Adult learners need to know what will improve their on-the-job performance. Trainers need to focus on the things that help their learners improve their performance. Often we have an overwhelming amount of information to incorporate into training, but usually, all that information is not necessary. It’s the trainer’s job to weed out what is interesting but not essential—maybe providing a way to make what is interesting available in other formats: as a handout, on a website, as a link, or in the appendix of the training manual.
While it is important to make training fun since it helps engage learners, we always have to consider how we are using fun. Does the fun activity help the learner or is it just fun? We need to use fun activities that are relevant to the learning, and that help learners absorb and apply the need-to-know information that improves performance.
Continuously Learn Yourself
The best trainers are always learning new things about training and are always adding new activities to their training toolbox. We have to make time for learning and experimenting. Will everything we experiment with work? Of course not! But that’s okay since we learned from the experiment. Attend webinars, read books, attend workshops and classes, follow blogs, and talk with other trainers. Do something every day, no matter how small, to get better at training. This can be challenging if we are doing a lot of training, but it is essential for keeping your training skills alive and fresh. We have to make time never to stop learning. One way to invest in your success is to enroll in ICMI’s Trainer Development Workshop.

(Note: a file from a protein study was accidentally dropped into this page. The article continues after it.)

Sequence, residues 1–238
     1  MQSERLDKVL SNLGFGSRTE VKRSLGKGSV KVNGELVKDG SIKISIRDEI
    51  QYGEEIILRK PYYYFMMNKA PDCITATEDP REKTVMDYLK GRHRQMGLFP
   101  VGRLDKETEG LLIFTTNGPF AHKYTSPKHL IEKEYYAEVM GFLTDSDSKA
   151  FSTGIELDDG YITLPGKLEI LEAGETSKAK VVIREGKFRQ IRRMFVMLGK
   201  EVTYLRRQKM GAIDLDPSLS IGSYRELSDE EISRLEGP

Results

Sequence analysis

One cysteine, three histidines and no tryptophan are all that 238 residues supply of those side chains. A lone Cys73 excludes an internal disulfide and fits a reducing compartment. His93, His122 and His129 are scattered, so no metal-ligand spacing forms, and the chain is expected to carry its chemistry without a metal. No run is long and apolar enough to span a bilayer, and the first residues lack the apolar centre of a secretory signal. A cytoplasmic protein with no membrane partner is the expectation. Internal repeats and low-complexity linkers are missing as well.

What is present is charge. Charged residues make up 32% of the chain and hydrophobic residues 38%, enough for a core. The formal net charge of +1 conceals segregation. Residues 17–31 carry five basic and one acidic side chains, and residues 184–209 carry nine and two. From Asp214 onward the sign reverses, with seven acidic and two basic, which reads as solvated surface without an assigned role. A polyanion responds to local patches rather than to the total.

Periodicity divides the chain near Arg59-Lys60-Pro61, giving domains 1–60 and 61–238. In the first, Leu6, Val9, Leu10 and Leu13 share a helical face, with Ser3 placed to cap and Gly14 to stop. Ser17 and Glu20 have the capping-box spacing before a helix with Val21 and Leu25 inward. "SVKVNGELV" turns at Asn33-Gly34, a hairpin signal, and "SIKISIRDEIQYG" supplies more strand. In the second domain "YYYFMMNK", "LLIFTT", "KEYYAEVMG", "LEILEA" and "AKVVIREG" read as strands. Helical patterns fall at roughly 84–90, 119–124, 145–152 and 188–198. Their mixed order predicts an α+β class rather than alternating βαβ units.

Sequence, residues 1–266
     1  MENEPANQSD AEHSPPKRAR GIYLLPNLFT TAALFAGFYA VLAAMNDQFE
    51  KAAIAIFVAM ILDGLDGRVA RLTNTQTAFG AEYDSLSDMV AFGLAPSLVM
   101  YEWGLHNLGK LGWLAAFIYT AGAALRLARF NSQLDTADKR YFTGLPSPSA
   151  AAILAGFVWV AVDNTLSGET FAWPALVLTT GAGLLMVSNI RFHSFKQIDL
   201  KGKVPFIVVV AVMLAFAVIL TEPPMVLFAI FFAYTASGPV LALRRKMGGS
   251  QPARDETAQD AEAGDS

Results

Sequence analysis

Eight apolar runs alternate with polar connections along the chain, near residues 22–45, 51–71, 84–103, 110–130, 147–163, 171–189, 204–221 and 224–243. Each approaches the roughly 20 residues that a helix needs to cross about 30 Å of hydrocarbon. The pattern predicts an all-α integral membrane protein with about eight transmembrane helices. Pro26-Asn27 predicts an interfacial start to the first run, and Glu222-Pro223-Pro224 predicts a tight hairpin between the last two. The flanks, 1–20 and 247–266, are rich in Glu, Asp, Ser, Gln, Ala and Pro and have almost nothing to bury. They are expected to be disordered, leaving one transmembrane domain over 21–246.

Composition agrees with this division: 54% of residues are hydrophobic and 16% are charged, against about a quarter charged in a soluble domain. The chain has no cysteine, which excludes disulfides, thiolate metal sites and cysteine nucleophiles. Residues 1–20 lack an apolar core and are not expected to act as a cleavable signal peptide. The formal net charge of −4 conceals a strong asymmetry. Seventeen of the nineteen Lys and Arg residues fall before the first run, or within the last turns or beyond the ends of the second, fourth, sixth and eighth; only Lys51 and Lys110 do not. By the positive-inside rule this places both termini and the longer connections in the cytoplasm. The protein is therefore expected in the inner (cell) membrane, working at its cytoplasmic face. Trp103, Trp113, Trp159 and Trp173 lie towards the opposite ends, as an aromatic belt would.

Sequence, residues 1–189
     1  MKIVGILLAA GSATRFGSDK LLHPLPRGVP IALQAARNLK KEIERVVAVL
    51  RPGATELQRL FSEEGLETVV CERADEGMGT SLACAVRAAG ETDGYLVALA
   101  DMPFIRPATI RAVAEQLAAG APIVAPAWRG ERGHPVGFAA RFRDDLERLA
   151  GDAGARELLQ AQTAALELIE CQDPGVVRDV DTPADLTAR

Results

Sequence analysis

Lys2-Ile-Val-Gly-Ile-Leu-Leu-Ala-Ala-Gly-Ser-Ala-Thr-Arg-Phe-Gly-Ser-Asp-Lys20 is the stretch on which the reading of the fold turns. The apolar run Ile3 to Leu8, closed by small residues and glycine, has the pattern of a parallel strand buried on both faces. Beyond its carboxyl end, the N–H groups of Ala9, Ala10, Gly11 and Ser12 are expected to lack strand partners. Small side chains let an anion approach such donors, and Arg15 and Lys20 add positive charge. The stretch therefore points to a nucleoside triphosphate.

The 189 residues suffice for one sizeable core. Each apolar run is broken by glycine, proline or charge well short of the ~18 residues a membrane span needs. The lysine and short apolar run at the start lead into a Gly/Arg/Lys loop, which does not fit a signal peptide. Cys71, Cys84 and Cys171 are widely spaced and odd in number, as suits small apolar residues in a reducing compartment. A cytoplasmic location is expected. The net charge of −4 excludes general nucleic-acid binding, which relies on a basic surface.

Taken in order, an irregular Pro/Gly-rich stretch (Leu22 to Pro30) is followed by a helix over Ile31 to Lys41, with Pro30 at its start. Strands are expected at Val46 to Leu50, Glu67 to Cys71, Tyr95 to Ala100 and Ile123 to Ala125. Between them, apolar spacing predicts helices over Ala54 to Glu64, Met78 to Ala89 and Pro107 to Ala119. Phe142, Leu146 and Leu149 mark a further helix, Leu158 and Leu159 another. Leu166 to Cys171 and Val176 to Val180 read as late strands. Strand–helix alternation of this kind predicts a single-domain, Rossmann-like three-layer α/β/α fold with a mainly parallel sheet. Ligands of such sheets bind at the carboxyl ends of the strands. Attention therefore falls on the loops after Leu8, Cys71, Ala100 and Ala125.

Yes, being a good trainer is about a lot more than just these five areas, but these are where I start with newbies. If I had to boil all five of these things down even further to the essentials, it would be the “mantra” I often say to new trainers: “Be learner-centered and performance-based.” Everything I do as a trainer comes back to that. How do I help get my learners to the needed performance levels for the job? To do that I need to understand what they need to do on-the-job and the outcomes the business needs from their positions. Then a new trainer can begin to deliver training that is effective and set forth on a rewarding career in contact center training. I, of course, think training is the best place to work in the contact center (or in any industry, but I may be biased).
A professional in the training arena for 30 years, Elaine has more than 15 years’ experience in the call center industry. She has both outsourced (domestically and internationally) call center services and worked in companies doing the outsourced call center work. The variety of business that she has experienced in the call center world includes financial services, transportation, government, healthcare, insurance, retail, and utility services, giving her a wide-ranging view of the industry. Currently, Elaine utilizes her call center and training experience at ICMI as Group Instructional Design Manager. For more information about ICMI, go to www.icmi.com.